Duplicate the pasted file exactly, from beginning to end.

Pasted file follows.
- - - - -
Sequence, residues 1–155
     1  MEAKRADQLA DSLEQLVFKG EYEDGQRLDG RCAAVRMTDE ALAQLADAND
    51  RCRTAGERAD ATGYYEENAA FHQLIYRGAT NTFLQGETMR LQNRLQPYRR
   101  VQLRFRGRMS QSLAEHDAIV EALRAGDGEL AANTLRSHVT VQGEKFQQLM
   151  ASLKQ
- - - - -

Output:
Sequence, residues 1–155
     1  MEAKRADQLA DSLEQLVFKG EYEDGQRLDG RCAAVRMTDE ALAQLADAND
    51  RCRTAGERAD ATGYYEENAA FHQLIYRGAT NTFLQGETMR LQNRLQPYRR
   101  VQLRFRGRMS QSLAEHDAIV EALRAGDGEL AANTLRSHVT VQGEKFQQLM
   151  ASLKQ